The dolphins have already suffered devastating declines. Since 2003, individuals living in Hong Kong waters have dropped from 158 to around 60. The area's notoriously bad pollution can take most of the blame, but conservationists blame ferry traffic, overfishing, and habitat loss due to construction as well. They argue that a proposed expansion to Chek Lap Kok airport might be the final straw.
"We think that if that project goes ahead, then it will probably drive the dolphin away from Hong Kong waters," Samuel Hung, chairman of the Hong Kong Dolphin Conservation Society, told the AFP. "In some ways it seems like we are pushing them closer and closer to the edge of the cliff and if we're making that final push, they will be gone forever. I think now is the time to get our act together."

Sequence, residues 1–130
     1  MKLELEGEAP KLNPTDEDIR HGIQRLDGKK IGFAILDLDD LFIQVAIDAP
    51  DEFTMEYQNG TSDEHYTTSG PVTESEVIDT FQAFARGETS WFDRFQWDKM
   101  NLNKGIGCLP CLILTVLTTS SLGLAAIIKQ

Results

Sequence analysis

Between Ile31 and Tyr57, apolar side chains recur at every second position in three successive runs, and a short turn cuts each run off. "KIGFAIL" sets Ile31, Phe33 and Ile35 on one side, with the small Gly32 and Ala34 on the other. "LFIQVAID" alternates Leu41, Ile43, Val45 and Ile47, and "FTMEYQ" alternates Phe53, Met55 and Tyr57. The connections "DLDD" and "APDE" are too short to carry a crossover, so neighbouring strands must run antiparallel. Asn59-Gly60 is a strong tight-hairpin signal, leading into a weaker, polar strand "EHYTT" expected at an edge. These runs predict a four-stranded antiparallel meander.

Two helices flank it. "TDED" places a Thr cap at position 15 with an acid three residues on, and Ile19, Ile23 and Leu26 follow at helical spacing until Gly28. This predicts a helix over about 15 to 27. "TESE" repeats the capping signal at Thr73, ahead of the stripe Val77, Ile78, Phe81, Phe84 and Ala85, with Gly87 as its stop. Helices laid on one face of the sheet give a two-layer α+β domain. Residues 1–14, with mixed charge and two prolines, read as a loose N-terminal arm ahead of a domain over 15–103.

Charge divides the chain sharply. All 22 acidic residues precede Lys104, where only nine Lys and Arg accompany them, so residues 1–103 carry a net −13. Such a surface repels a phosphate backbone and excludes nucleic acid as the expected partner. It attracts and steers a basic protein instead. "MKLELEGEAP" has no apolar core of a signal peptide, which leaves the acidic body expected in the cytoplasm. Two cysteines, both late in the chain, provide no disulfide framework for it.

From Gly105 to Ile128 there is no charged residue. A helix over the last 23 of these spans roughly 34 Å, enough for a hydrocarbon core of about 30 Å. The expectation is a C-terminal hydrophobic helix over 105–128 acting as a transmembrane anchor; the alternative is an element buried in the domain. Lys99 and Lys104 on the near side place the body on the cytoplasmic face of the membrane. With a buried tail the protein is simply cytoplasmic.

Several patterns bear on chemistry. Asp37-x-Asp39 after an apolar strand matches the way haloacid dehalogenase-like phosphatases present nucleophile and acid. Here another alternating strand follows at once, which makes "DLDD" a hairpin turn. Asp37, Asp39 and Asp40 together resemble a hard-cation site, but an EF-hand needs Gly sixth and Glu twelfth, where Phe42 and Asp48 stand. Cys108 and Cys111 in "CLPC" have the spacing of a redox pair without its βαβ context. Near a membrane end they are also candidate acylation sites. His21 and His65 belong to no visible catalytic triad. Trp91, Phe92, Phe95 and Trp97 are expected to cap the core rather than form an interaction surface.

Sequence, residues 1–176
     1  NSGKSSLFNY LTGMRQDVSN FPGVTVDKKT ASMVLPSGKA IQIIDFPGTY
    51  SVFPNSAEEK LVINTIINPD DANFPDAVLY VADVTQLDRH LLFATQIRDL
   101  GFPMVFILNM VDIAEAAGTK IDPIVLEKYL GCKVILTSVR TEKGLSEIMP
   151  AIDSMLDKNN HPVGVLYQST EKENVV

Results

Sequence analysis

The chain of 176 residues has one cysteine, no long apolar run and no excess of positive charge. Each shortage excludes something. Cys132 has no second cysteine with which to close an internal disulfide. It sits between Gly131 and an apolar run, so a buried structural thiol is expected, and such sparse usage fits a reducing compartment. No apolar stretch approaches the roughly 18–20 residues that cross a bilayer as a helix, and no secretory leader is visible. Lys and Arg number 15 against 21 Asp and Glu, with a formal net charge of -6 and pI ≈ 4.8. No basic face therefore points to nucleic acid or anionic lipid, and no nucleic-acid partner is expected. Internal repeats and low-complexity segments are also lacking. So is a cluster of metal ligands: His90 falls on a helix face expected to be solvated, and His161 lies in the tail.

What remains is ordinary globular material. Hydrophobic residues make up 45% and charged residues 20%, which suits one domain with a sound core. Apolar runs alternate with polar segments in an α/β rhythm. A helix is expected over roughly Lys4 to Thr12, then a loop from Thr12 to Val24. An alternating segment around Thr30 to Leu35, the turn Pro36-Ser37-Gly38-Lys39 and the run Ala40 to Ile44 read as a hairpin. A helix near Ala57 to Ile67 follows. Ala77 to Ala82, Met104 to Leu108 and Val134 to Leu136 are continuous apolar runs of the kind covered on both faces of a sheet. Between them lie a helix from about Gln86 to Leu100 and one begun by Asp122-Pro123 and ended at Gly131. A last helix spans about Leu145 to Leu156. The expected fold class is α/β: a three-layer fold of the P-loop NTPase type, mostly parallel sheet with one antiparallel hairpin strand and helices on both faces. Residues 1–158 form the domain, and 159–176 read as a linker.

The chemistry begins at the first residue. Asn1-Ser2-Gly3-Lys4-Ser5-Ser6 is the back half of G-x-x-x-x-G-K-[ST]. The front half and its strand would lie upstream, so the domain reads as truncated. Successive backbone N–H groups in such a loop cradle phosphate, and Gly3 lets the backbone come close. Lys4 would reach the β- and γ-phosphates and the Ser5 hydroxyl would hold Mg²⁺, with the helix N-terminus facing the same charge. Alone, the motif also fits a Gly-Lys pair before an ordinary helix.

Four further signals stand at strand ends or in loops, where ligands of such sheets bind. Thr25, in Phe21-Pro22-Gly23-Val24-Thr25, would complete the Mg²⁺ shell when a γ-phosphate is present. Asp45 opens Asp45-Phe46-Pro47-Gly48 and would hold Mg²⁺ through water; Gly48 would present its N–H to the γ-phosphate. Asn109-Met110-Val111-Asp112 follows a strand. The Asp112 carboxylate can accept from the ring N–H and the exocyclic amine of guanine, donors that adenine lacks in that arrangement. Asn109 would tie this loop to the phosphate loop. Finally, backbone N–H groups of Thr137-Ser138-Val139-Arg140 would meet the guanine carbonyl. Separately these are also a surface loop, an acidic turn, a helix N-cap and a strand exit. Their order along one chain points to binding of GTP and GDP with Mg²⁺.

Locals who rely on the dolphins for their livelihood — unsurprisingly, the pink flippers make for a big tourist attraction — are more blasé about the issue.
"These natural things won't disappear... if you are not actively eliminating them, then they won't go away," tourist boat operator Wong Yung-kan told the AFP. Unfortunately, conservationists know that this couldn't be further from the truth — especially in the busy, polluted waters surrounding Hong Kong.